Online file storage company Dropbox announced Tuesday a hefty series B $250 million financing. The lead investor on the fund was Index Ventures, with Benchmark Capital, Goldman Sachs, Greylock Partners, Institutional Venture Partners, RIT Capital Partners and Valiant Capital Partners also investing.
Dropbox, which is estimated to be worth $4 billion, is a file-hosting service that uses cloud storage technology to allow users to share files and folders. The San Francisco-based comany has over 45 million users and saves 1 billion files every three days.
Revenue at the fast-growing company is reportedly estimated to hit $240 million this year. The company uses a "freemium" business model, where initial services are free, while premium services require payment. Dropbox offers the first 2 gigbytes of storage free. After that, a 50 gb plan costs $9.99 per month, and 100 gb costs $19.99 per month.
The cloud storage business seems to be booming these days. Dropbox competitor, Box.net secured the final round in a total $162 million fund on October 11. Other competitors include iCloud and Windows Live SkyDrive.
“Our goal has always been to build a service that hundreds of millions of people would love and trust. We’re inspired by the consumers and businesses who depend on Dropbox, and we will continue to make sure that the world’s devices, services, and apps work together seamlessly,” said Dropbox co-founder and CEO, Drew Houston, in a release.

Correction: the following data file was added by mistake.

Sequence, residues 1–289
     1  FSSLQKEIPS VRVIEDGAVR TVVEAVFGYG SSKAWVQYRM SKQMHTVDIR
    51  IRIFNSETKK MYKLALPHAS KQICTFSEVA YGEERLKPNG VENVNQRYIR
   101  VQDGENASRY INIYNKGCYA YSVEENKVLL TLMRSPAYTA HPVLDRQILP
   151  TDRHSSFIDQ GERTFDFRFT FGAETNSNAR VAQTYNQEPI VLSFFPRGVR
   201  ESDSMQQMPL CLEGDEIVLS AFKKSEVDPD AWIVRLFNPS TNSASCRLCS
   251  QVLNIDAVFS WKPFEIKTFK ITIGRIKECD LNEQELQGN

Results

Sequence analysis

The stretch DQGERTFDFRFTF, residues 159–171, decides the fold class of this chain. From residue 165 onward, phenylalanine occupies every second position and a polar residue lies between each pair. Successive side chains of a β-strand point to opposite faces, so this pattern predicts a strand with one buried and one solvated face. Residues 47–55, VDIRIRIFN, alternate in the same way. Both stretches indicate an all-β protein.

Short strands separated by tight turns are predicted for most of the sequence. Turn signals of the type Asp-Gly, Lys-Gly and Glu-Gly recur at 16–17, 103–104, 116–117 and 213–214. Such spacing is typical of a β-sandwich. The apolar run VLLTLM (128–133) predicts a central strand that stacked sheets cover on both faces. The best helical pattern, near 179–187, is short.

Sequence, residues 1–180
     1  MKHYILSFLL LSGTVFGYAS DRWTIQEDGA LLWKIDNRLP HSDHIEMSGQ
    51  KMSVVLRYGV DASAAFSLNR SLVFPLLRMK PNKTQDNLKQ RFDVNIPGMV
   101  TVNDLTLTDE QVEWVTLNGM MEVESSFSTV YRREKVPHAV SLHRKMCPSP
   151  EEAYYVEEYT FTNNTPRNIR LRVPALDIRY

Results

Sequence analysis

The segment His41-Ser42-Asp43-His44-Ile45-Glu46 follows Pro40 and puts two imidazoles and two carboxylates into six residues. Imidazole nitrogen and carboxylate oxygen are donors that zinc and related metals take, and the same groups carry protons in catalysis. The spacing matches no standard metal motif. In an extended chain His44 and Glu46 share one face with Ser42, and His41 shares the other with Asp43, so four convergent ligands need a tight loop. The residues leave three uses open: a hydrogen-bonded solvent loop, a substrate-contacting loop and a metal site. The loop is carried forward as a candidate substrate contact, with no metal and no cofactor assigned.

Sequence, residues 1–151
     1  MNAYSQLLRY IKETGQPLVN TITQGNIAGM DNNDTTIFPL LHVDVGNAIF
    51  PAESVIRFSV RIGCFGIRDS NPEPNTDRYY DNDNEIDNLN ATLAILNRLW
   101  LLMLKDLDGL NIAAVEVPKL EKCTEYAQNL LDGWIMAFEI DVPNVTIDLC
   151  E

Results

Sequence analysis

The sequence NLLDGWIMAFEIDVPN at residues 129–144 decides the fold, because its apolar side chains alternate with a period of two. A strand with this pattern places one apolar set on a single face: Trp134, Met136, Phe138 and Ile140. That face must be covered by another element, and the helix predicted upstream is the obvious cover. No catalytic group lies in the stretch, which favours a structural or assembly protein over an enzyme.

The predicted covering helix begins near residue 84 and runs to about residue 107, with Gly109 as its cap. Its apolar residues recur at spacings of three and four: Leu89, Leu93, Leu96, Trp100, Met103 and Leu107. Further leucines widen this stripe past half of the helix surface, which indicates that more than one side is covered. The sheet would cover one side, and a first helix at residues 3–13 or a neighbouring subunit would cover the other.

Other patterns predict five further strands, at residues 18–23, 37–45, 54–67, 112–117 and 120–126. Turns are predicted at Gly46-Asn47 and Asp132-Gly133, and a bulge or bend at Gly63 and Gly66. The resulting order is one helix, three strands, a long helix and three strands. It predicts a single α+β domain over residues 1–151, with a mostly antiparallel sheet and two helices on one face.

“We are delighted to have led this financing and believe Dropbox has the potential to become an iconic technology company. Over the past four years, Dropbox’s talented team has created a great service with a very strong business model, and we look forward to helping the company build upon this outstanding foundation," said general partner at Index Ventures, Danny Rimer, in the same release.
News of the company's investment round broke this morning, almost simultaneous with a story about the development of the company from a small start-up. This story details how in 2009, Dropbox founders Arash Ferdowsi and Drew Houston turned down a "nine-digit" figure buy-ouy offer from Steve Jobs himself.
Jobs indicated to Houston at the time that he plans on "going after his market," but Houston was not swayed by either Jobs' high profile or the size of the offer.